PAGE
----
Planning Energy Technology Systems Integration Research
Energy Technology Systems Integration (ETSI) research is planned and developed by:
- Engaging stakeholders: utilities, federal, state and local governments, as well as non-governmental organizations.
- Engaging the research community: scientists and engineers from California Universities, national laboratories and private industries within the energy sector.
- Identifying gaps in current research related to ETSI focus areas.
- Offering funding through competitive solicitations to projects that propose the maximum benefit to California ratepayers.
Energy Technology Systems Integration Research Focus Areas
The goal of the Demand Response Research Focus Area is to support the development of technologies, policies, programs, strategies and practices that automatically manage customer load reductions through communication and electricity related actions of connected rate payers and generation systems to dynamically respond to real-time electricity supply conditions and market pricing.
Demand Response research focuses on:
- Energy systems integration & communication.
- Dynamic pricing.
- Automation & communication.
- Open automated demand response.
- Residential & commercial buildings research.
- Industrial demand response.
- Refrigerated warehouses.
- Food processing.
- Water & wastewater.
- Data centers.
Energy Storage technology has many diverse applications and can be used anywhere from homes to factories to the grid. These potential applications include the integration of high penetrations of renewable generation, power quality improvements, load leveling, load curtailment, and storage of electricity for use later at a more critical time.
Energy Storage research focuses on:
- Comparing energy storage systems to determine capabilities and applications of various technologies as they are applied through the grid system.
- Determining the costs and benefits of applications of storage devices.
- Exploring the need for a test site and methods of testing and comparing energy storage systems.
- Ascertaining the economic and physical value of storage in the marketplace and as a distributed energy resource.
- Determining environmental, institutional, technical, and market barriers for widespread application of energy storage devices as an alternative to transmission and distribution system control and load management.
- Reducing the cost and improving the reliability of storage technologies such as chemical batteries, flywheels, ultra capacitors, superconducting magnetic energy storage, reversible fuel cells, and flow batteries.
- Facilitating the integration of renewables and storage technology with the California smart grid.
Transmission and Distribution
In partnership with California utilities, system operators and major industry stakeholders, the Transmission and Distribution Research Area is helping to bring to market innovative technologies that promote two - way channel systems that allow integration of distributed energy generation systems closer to end-users, integration of smart controllers and communication, the maximizing of use of existing resources and methods to optimize the grid system.
Transmission and Distribution research focuses on:
- Improving the efficiency, reliability and capability of the existing transmission and distribution systems.
- Increase use of phasor measurement.
- Distribution automation.
- Advanced metering infrastructure (AMI).
- Market redesign and technology upgrade (MRTU) interface.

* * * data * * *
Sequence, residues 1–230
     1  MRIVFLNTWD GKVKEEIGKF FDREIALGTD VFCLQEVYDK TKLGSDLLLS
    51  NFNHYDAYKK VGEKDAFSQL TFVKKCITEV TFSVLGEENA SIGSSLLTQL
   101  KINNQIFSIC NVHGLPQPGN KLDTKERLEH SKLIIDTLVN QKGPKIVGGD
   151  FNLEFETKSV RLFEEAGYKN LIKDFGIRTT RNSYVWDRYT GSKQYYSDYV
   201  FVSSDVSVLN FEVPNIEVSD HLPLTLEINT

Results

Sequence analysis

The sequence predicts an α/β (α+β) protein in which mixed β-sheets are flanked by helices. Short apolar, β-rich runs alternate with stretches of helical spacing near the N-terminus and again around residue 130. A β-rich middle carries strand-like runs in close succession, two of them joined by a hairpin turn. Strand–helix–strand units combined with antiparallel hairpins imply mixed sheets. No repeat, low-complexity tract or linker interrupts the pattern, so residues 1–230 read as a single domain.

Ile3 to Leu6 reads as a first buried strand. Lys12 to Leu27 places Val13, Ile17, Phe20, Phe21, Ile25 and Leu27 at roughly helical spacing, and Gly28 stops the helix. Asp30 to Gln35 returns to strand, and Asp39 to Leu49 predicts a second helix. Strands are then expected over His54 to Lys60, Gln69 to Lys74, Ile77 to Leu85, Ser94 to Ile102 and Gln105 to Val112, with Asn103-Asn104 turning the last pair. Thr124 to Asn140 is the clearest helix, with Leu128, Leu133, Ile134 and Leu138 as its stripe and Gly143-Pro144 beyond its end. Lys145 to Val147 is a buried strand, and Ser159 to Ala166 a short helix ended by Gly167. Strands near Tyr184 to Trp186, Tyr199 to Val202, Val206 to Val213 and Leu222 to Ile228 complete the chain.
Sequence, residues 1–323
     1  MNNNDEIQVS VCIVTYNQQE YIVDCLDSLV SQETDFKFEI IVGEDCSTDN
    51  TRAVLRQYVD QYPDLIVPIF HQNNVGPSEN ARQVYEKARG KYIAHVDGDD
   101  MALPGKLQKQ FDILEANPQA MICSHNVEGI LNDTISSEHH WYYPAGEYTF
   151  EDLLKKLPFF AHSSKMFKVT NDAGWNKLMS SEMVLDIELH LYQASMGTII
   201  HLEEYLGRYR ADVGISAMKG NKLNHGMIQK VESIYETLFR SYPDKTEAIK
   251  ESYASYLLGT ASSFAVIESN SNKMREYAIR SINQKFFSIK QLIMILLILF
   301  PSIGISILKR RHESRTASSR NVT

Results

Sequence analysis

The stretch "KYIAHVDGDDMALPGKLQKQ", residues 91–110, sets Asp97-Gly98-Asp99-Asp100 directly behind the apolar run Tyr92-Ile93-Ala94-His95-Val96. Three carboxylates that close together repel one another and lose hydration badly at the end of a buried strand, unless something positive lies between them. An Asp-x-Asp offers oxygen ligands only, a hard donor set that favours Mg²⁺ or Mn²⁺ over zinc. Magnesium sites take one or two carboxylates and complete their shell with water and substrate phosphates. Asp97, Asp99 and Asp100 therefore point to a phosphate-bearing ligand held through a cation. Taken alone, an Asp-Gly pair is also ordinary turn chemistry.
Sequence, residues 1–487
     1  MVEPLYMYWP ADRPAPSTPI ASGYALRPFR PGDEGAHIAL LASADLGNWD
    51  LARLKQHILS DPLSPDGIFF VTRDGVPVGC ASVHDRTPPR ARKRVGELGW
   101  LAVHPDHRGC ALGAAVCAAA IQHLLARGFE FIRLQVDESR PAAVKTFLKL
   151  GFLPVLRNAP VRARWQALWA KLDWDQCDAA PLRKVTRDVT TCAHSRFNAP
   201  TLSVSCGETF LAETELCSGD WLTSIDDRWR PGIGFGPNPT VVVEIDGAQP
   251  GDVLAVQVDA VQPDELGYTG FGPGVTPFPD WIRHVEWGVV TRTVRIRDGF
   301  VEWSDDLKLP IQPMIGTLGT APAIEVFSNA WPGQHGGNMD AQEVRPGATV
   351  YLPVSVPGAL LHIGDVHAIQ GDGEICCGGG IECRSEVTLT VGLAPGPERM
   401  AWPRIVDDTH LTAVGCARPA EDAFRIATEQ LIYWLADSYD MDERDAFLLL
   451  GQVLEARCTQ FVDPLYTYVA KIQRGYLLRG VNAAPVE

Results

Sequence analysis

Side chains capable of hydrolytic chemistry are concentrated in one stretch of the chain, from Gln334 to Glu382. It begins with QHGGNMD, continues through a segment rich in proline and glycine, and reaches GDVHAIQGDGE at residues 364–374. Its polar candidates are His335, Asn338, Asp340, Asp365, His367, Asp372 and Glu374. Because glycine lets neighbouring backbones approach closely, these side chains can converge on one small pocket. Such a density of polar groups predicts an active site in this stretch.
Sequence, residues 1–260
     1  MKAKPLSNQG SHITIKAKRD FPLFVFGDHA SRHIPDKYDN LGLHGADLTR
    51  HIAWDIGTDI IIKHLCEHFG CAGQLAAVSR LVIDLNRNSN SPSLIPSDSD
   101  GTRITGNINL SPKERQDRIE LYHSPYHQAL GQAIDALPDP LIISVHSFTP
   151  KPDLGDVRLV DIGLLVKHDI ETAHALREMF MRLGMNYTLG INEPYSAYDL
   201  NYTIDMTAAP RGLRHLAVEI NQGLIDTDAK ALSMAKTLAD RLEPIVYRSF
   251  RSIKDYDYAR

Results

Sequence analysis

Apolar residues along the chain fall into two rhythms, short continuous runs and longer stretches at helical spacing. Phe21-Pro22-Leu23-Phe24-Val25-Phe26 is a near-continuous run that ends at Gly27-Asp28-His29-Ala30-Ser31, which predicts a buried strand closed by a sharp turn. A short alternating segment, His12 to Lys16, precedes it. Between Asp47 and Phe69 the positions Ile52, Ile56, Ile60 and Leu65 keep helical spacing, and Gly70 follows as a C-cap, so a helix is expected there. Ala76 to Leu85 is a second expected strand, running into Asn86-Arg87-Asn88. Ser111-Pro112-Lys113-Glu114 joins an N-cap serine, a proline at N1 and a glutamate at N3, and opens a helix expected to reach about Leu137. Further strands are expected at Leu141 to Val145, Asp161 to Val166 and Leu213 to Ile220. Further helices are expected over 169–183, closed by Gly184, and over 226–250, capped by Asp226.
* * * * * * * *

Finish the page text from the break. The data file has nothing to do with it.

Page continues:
- Advance communication and controls.
- Operations with higher penetrations of renewable.
In partnership with local, state, and federal entities as well as the private sector, the Security Research Focus Area is dedicated to ensuring a robust, secure, and reliable energy infrastructure for California by supporting Smart Grid technology development.
Security research focuses on:
- Improving security and reliability of critical infrastructure.
- Prevention of, preparation for, and response to cyber threats, hazards, and energy supply disruptions.
- Reducing vulnerabilities that are not being adequately addressed by competitive and regulated markets.
The goal of the West Coast Regional Carbon Sequestration Partnership (WESTCARB) is to remove man-made carbon dioxide from the atmosphere by means of carbon capture, storage, and terrestrial sequestration. WESTCARB research is currently in Phase III of its research program.
Upcoming WESTCARB Phase III research will fall into several categories:
- Regional geologic characterization studies to determine storage potential.
- Regional socioeconomic characterization studies.
- Understanding seismic issues.
- Drilling characterization wells based on collected data and site surveys
- Includes taking core and fluid samples and plugging the well after completion.
- Chemical and physical testing of underground rocks and fluids to determine carbon storage potential.
- Public outreach on the value to California and the nation on carbon capture and storage.
The Energy innovations Small Grant (EISG) Program provides funding for electricity and natural gas development and demonstration projects that are not adequately provided for by competitive and regulated energy markets. The EISG Program provides up to $95,000 for hardware projects and $50,000 for modeling projects to small businesses, non-profits, individuals and academic institutions to conduct research that establishes the feasibility of new, innovative energy concepts. Research projects must target one of the EISG research focus areas, address a California energy problem, and provide a potential benefit to California electric and natural gas rate payers.
EISG research focuses on:
- Natural gas energy efficiency.
- Natural gas environmental impacts.
- Renewable energy technologies.
- Strategic analysis.
- Advance generation concepts.
- Smart grid.
- Transportation efficiency.
- Green house gas reduction technologies.